Exploring Gyantse:

One of Tibet`s most traditional towns. You’ll find fantastic architecture, amazing back streets and lots of cows.


We visited Gyantse on a three-day trip by mini-van that also included Shalu monastery and the town of Shigatse. We reached Gyantse after a long eight-hour ride, made even longer by our detour to see Yamdrok-Tso Lake.

Yamdrok-Tso Lake

From the Kamba-La Pass at 4794 metres, there are spectacular views over the turquoise waters of the lake. However, due to road works (expected to be finished next year), it wasn’t possible to continue along the old road to Gyantse, so we had to turn back and rejoin the new road.

Yamdrok-Tso Lake

The final part of the journey took us through fertile and idyllic fields, full of grazing animals and harvesting farmers.

Rural scenery near Gyantse
Rural scenery near Gyantse

The approach to Gyantse is truly spectacular: the ruins of the fortress, the Dzong, destroyed by Younghusband and his British troops, set on a steep, rocky hill, stand out against the azure sky and the golden roofs of the monastery gleam in the sun.

Gyantse Fort in the late afternoon

Gyantse itself is rather more prosaic; it is basically a scruffy one-street town (2007: has expanded now) with an interesting, traditional Tibetan quarter.

Gyantse Fort in the morning

We had just enough time to visit the Pelkhor Chöde Monastery complex, situated dramatically at the foot of the barren mountains and surrounded by a brown wall.

Traditional buildings in Gyantse

The highlight of this place is the Kumbum, an 8 storey chorten, topped by a golden roof and umbrella, apparently the best- preserved structure of this kind in Tibet.

The Kumbum

The 8 floors contain 108 chapels, all covered in frescoes and many holding statues. The outside is painted a dazzling white and decorated with colourful stucco, as well as four huge pairs of eyes, which survey the surrounding countryside.

The Kumbum

Though most of the frescoes are hidden in darkness and many are damaged, we managed to make out some frightening demons, adorned with necklaces of skulls, fine many-armed Buddhas and delicate maidens.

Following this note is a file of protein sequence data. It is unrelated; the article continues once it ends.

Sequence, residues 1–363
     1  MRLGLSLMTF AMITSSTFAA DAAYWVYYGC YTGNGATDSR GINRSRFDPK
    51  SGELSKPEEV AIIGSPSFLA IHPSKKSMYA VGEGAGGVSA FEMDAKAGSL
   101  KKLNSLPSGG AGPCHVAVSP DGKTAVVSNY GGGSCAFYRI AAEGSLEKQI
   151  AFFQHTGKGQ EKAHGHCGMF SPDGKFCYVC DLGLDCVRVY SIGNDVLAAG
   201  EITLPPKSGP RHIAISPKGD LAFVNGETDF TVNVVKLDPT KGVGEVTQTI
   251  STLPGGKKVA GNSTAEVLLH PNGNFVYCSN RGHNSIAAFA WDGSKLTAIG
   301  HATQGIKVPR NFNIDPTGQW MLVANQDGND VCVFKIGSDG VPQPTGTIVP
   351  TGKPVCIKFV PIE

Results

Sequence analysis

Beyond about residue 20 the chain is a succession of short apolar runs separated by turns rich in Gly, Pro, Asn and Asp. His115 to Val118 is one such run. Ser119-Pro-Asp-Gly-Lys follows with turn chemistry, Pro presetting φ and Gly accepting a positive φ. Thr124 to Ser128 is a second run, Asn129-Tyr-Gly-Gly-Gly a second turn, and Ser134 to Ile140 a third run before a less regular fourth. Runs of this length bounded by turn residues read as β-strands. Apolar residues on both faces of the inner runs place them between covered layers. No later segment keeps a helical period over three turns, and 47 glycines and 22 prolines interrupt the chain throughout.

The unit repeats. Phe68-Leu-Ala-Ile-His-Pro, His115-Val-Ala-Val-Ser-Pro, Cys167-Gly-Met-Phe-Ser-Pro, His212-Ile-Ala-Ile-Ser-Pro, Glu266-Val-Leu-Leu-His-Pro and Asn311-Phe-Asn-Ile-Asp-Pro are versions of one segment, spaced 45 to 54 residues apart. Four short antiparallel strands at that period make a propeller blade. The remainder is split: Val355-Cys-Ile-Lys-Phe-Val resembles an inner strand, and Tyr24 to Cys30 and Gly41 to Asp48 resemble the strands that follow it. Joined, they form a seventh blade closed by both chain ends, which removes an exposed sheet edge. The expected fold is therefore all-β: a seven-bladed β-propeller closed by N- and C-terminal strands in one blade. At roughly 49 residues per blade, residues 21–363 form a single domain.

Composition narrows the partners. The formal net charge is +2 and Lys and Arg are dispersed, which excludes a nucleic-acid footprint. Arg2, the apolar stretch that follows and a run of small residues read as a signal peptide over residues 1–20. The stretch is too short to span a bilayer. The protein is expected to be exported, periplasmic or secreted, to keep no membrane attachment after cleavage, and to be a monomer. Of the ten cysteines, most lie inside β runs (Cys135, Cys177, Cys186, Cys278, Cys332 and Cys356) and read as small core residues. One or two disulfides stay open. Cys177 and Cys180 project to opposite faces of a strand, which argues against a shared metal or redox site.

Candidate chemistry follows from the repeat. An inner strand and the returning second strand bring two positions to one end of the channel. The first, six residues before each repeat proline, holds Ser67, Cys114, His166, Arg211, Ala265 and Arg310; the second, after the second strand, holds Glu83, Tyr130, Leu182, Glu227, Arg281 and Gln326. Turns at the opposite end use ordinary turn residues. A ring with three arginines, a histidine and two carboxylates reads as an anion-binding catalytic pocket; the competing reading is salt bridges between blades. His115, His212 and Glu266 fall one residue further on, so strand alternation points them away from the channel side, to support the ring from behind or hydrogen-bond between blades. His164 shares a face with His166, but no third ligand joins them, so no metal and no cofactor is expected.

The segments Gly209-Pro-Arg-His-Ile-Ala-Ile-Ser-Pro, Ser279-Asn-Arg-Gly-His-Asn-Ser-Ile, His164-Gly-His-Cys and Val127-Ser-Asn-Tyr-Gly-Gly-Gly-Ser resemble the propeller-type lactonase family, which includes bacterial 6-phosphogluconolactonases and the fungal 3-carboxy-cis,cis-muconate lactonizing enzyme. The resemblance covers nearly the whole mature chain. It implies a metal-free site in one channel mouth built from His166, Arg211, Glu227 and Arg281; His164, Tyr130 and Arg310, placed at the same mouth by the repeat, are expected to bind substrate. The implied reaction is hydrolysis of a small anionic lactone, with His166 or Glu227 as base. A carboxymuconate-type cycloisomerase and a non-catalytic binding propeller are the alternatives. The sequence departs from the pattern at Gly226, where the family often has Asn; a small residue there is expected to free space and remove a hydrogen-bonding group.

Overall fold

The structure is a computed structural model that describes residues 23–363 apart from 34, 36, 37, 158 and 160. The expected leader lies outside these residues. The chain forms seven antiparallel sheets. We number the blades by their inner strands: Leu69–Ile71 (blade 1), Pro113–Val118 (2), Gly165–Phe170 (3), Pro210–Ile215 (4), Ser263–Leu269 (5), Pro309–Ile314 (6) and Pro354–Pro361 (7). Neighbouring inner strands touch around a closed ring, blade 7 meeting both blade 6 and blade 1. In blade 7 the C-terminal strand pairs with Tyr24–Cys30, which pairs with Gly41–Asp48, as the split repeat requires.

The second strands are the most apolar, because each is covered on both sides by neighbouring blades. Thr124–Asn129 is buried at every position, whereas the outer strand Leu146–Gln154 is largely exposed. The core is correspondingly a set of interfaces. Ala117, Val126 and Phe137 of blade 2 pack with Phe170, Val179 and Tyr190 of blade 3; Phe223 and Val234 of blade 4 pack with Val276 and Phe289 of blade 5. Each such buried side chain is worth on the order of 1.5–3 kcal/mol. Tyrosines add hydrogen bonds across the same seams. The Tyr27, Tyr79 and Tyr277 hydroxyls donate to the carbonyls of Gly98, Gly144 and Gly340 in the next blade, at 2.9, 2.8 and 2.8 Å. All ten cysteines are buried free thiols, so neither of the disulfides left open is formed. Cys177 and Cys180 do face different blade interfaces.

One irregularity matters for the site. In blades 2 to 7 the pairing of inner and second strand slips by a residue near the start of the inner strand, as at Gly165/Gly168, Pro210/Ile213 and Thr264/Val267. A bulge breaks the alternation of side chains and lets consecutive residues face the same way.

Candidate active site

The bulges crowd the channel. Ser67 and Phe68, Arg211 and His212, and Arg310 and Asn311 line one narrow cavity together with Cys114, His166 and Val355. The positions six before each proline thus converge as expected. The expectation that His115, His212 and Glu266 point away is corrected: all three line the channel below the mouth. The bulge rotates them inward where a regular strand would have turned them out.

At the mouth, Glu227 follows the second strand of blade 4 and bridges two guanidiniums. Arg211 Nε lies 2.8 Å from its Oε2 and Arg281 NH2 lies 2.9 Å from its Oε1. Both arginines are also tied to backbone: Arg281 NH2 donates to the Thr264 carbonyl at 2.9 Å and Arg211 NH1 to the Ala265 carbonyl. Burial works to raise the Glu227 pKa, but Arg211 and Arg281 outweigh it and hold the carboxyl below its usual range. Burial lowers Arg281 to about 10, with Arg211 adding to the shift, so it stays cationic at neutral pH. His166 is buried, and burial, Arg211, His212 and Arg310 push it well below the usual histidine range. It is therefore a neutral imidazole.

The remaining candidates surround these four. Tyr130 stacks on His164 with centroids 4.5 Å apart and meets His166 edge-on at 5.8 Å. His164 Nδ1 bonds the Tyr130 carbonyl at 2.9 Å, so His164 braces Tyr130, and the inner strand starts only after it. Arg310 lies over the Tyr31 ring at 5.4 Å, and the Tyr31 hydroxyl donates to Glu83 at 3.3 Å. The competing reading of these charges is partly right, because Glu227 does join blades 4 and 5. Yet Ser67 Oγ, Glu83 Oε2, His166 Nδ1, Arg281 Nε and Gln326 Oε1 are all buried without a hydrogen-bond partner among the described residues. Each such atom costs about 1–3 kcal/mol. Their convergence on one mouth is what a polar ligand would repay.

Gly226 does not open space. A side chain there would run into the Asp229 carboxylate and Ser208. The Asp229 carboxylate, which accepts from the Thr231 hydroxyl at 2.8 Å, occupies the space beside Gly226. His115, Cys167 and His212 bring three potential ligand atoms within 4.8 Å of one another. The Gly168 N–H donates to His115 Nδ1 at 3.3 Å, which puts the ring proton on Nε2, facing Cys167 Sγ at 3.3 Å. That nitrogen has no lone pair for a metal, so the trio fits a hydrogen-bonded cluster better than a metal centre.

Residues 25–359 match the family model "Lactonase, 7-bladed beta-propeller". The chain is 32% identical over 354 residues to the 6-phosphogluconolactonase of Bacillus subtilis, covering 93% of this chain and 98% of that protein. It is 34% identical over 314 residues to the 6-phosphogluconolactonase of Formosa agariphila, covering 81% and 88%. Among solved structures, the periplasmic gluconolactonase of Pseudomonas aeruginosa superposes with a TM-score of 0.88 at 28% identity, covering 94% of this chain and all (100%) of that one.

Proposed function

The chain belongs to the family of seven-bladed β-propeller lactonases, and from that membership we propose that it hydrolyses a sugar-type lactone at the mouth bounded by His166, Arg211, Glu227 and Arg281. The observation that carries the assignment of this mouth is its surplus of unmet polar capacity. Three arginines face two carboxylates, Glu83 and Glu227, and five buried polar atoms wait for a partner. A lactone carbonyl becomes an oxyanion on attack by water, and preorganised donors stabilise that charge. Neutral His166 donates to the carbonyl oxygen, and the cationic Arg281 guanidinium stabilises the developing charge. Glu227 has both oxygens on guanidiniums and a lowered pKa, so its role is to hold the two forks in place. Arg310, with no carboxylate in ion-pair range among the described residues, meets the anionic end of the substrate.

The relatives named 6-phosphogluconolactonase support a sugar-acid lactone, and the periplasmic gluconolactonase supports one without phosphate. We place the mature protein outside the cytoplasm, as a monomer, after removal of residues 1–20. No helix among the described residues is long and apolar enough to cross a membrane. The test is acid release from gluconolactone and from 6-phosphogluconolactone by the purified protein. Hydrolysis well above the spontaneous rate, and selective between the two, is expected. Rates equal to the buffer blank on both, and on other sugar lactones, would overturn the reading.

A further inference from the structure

The Kumbum

The chapels which are set at the corners are the best, as they are two storeys’ high and contain a variety of large statues.

The Kumbum

On the sixth floor we emerged onto an open platform, level with the painted eyes, from which we could observe the other monastic buildings, the walls, the mountains, as well as the Tibetan old town.

Gyantse Old town seen from the Kumbum

The next day we visited the old fortress, or Dzong, and explored the Tibetan quarter.

Gyantse Old town seen from the fort

As we mentioned before, most of the Dzong is in ruins; thanks to Younghusband and his men who came riding in from Sikkim to ‘open’ Tibet to trade… They are, however, quite atmospheric ruins. One of the highlights is a grey memorial stone with the curious inscription ‘Jump off the cliff’

Directions or an order?

However, this isn’t an exhortation to visitors, but rather a commemoration of an act of bravery committed by the outnumbered defenders.

Gyanste Fort seen from the old town

The old Tibetan quarter, lying at the foot of the fortress, is another gem that takes you right back in time.

Gyantse Old Town

Along the main street, there are placid cows chewing the cud in front of every household, while pigs and sheep rummage around in the gutters.

Cows in Gyantse Old Town

People gather at the communal pumps to draw water, wash their clothes, hair or rinse dyed strings of sheep’s wool.

Gyantse Old Town

Inside the traditional stone houses, Tibetan ladies work the heavy wooden looms to weave cloth or colourful Tibetan carpets.

Gyantse Old Town

A peaceful, mellow village ambience reigns and life continues, unhurriedly, as it always has done.

Gyantse Old Town

Gyantse Practicalities:


We stayed at the Jianzang hotel which lies on the main street of the modern part of town (Yingxiong Nanlu) and is certainly one of the nicest places we stayed at in the whole of Tibet, or even China. The hotel is embellished with bright, colourful murals and lovely potted plants and flowers, while rooms are large, clean and comfy. We paid 180 Yuan for a double with bathroom, though there were cheaper rooms and dorms as well. The hotel also has its own rooftop restaurant and staff are very friendly.

The Kumbum


You will have no trouble finding several places to eat along the same main street. The Yak bar and restaurant, for which you have to go upstairs, is a pleasant, laid-back place with Tibetan sofas and low tables, specialising in western-style food such as chips, pizzas and burgers. There is a large Chinese restaurant, a few doors away and identified by a green sign, where we had an excellent meal.

Author: Adam

My name is Adam. I have a degree in Chinese History from SOAS and a masters in International Politics focused on China from the same university. I have travelled around China 9 times and since 2000 I have travelled every year for two months. I guess I kind of like the place!

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